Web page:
0
$\begingroup$

I've been trying to importance sample the GGX NDF of my Cook-Torrance BRDF for some time now but I can't get it right.

I've been following this article.

Here's my code for the importance sampling part. It samples a direction and returns it. It also computes the corresponding probability for that direction and stores it in the pdf argument of cook_torrance_sample_direction. The PerRayData argument is only used to generate uniform random numbers.

inline vec3f __device__ cook_torrance_sample_direction(PerRayData& prd, vec3f& view_direction, vec3f& surface_normal, float roughness, float& pdf)
{
    float roughness2 = roughness * roughness;

    //rand_theta in [0.0, 1.0]
    float rand_theta = prd.random();

    float theta = atan(roughness * sqrtf(rand_theta / (1.0f - rand_theta)));
    float phi = prd.random() * 2.0f * M_PI;//Isotropic case

    float cos_theta = cos(theta);
    float sin_theta = sin(theta);
    float cos_phi = cos(phi);
    float sin_phi = sin(phi);

    //+0.00001f to avoid dividing by 0
    float denom = (roughness2 - 1.0f) * cos_theta * cos_theta + 1.0f + 0.00001;
    float pdf_half_vector = (2 * roughness2 * cos_theta * sin_theta) / (denom * denom);

    vec3f sampled_normal_local = vec3f(cos_phi * sin_theta,
                                       sin_phi * sin_theta,
                                       cos_theta);

    vec3f view_direction_local = world_to_local(surface_normal, view_direction);

    //Section "One Extra Step" of the article
    pdf = pdf_half_vector / (4 * dot(view_direction_local, sampled_normal_local) + 0.00001f);

    vec3f surface_normal_local = vec3f(0.0f, 0.0f, 1.0f);
    vec3f reflected_direction_local = normalize(-view_direction_local - 2 * dot(-view_direction_local, sampled_normal_local) * sampled_normal_local);
    vec3f reflected_dir_world = local_to_world(surface_normal, reflected_direction_local);

    return reflected_dir_world;
}

The sampled direction is then passed to the BRDF evaluation function (as the light_direction argument) which returns a color. I then divide this color by the PDF:

inline vec3f __device__ cook_torrance_brdf(const CookTorranceMaterial& material, const vec3f& view_dir, const vec3f& light_direction, const vec3f& normal)
{
    vec3f halfway_vector = normalize(view_dir + light_direction);

    float NoV = max(dot(normal, view_dir),            0.0f);
    float NoL = max(dot(normal, light_direction),  0.0f);
    float NoH = max(dot(normal, halfway_vector),      0.0f);
    float VoH = max(dot(view_dir, halfway_vector),    0.0f);

    vec3f F0 = (0.16f * (material.reflectance * material.reflectance));
    //F0 for metals is equal to the albedo.
    //We're going to lerp between the albedo and 0.04
    //(previous value of F0) depending on
    //the metalness of the material. A fully metalic material
    //will thus have a F0 equal to its albedo
    F0 = (1.0f - material.metallic) * F0 + material.metallic * material.albedo;

    //Fresnel: reflected portion of the light (1 - transmitted)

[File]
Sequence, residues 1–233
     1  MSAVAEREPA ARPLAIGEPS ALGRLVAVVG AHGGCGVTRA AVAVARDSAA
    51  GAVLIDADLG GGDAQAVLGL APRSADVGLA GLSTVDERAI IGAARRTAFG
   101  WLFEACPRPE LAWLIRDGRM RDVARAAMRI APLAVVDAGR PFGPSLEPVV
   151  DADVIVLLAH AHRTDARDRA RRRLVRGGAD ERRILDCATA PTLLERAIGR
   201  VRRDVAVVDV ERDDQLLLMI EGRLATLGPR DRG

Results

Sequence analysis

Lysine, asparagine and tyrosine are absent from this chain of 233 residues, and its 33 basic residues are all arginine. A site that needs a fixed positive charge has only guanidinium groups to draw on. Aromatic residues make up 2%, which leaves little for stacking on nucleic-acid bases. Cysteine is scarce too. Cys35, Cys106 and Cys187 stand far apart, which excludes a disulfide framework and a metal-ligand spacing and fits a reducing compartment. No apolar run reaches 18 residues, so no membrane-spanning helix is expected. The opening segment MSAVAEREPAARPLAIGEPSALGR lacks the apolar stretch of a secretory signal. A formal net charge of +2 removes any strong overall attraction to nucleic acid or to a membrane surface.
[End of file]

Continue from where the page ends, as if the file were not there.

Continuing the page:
vec3f F = schlick_approximation(VoH, F0);
    float NDF = GGX_NDF(NoH, material.roughness);
    float G = geometry_Smith(NoV, NoL, material.roughness);

    vec3f kS = F;
    vec3f kD = vec3f(1.0f) - kS;
    kD *= 1.0 - material.metallic;

    vec3f numerator = NDF * G * F;
    //+0.0001f to avoid dividng by zero if the dot products are 0
    float denominator = 4.0f * NoV * NoL + 0.0001f;
    vec3f specular = numerator / denominator;

    // add to outgoing radiance Lo
    return (kD * material.albedo / (float)M_PI + specular);
}

inline vec3f __device__ schlick_approximation(float cos_theta, const vec3f& F0)
{
    return F0 + (1.0f - F0) * powf((1.0f - cos_theta), 5.0f);
}

inline float __device__ GGX_NDF(float NoH, float roughness)
{
    float alpha = roughness * roughness;
    float alpha2 = alpha * alpha;
    float NoH2 = NoH * NoH;

    float num = alpha2;
    float denom = (NoH2 * (alpha2 - 1.0f) + 1.0f);
    denom = (float)M_PI * denom * denom;

    return num / denom;
}

inline float __device__ geometry_Schlick_GGX(float NoX, float roughness)
{
    float r = (roughness + 1.0);
    float k = (r*r) / 8.0;

    float num = NoX;
    float denom = NoX * (1.0 - k) + k;

    return num / denom;
}

inline float __device__ geometry_Smith(float NoV, float NoL, float roughness)
{
    float ggx2 = geometry_Schlick_GGX(NoV, roughness);
    float ggx1 = geometry_Schlick_GGX(NoL, roughness);

    return ggx1 * ggx2;
}

However, this is giving me results brighter than expected for low roughness values. Here is a roughness of 0.05:

Roughness = 0.05

And for roughness lower than 0.013, black pixels start appearing (and eventually cover the entire image):

Roughness = 0.012

I noticed that for the too-bright case of the roughness = 0.05, my evaluation function returns color vectors whose RGB values are over 200 (sometimes way more than that, reaching thousands). I suppose this is okay and expected as long as the PDF counter balances it (which it doesn't because in those cases, the value of the PDF is only between ~5.0 and ~15.0)?

$\endgroup$

0

Your Answer

By clicking “Post Your Answer”, you agree to our terms of service and acknowledge you have read our privacy policy.

Browse other questions tagged or ask your own question.